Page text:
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Center for Care and Resilience Established, Oversees 974-HELP

A new office in the Division of Student Life will oversee the care of students after they are referred by the 974-HELP line. The staff in the Center for Care and Resilience (CCR) will work with students and the university to support individuals who are experiencing some measure of distress in their lives and connect them to university and community resources.

The 974-HELP referral line helps distressed students reach their academic goals and helps maintain a safe community and learning environment for all students. Director for CCR, Lisa Loar, discussed the need for a stand-alone department to better serve students due to the high demand for services.

“The care and resilience department within the Dean of Students office had greatly expanded since May 2021, by adding four care coordinators, and a director, so now we are a staff of eight full-time staff members. Being a separate unit within Student Life enhances our ability to support the well-being of our student population.”

Students build a partnership with a care coordinator to create and implement a plan that supports self-advocacy, growth, and a return to a level of functioning most likely to promote success. The relationship between a student and a care coordinator is primary and essential, and care coordinators empower students to self-advocate and access resources on campus and in the community.

Located on the second floor of the Student Health Center, next to the Student Counseling Center and the Center for Health Education and Wellness (CHEW), the CCR will have more opportunities to connect students directly with those specific resources if needed.

“Our proximity to Counseling and CHEW will be a benefit for us and can lead to a transitional process,” said Madisien Howard, interim assistant director for the CCR. “If a student needs counseling services, we can easily walk them there ourselves and have a direct connection with Counseling.”

“The kinds of support that we’re providing students really align with the health and wellness units in our division,” continued Loar. “We have students in distress, and we want to create a space for them to feel comfortable enough to share what they need to about what’s going on in their lives. We look forward to building more inclusive spaces where students can be their authentic selves and feel included and important.”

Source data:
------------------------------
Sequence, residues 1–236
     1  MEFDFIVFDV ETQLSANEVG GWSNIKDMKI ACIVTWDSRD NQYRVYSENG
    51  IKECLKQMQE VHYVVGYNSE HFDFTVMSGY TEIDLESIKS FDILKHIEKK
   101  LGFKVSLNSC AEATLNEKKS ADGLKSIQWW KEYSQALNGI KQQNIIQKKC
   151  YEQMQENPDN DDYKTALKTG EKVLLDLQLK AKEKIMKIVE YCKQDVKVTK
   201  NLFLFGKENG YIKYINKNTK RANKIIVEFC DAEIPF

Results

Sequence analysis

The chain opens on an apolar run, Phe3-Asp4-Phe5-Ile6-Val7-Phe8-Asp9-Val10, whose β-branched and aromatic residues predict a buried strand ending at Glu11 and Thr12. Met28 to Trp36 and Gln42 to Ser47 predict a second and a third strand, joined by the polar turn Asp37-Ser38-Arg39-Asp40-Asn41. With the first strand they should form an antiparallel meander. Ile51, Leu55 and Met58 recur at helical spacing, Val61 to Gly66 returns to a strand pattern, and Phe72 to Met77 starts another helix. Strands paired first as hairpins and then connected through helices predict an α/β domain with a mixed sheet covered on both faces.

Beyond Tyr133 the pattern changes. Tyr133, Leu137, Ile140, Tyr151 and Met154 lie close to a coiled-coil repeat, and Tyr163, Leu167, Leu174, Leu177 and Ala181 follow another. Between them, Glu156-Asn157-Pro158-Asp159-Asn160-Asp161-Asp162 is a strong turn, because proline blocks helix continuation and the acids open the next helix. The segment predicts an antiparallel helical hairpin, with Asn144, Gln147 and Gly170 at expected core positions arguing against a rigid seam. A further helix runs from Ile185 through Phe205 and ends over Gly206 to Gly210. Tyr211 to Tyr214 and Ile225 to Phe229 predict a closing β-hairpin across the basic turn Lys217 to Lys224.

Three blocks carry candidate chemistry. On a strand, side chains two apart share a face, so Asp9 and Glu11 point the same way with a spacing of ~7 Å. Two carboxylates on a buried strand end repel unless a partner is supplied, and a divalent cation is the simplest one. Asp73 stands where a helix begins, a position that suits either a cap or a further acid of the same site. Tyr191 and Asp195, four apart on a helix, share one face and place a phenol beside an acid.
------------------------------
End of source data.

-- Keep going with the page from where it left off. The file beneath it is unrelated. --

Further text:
In addition to a space that is more conducive to those possibly challenging conversations, the staff in the CCR have also developed a specific space in the center to help students experiencing distress. The respite space is intentionally designed to help students who are in distress and includes bean bag chairs as well as trauma-informed lighting to help relax students.

How to Get Involved with 974-HELP

Faculty and staff who want to learn more about 974-HELP and how they can help their students who may be in distress can reach out to the CCR team to set up training or presentations. These presentations include what distressing behavior can look like, how to be a front-line supporter when it comes to distressed students and when to reach out.

If you need to make a referral to the Care and Resilience team, you can visit the Care and Resilience website and complete the referral form or call 865-974-HELP (865-974-4357).

“Early intervention is key when it comes to distressed students,” said Loar. “The sooner the better but it’s never too late to call. Even if you notice a small change in a student’s behavior, give us a call. We are more than happy to have a consultation with you to determine the next steps you can take.”

“Outreach will be a really exciting opportunity for us as we grow, and that includes creating meaningful partnerships with faculty and staff,” said Howard. “We want to teach the university community what trauma looks like and what to look for in our students and give them the confidence to call us. I want to empower everyone to realize that they can be the change for students.”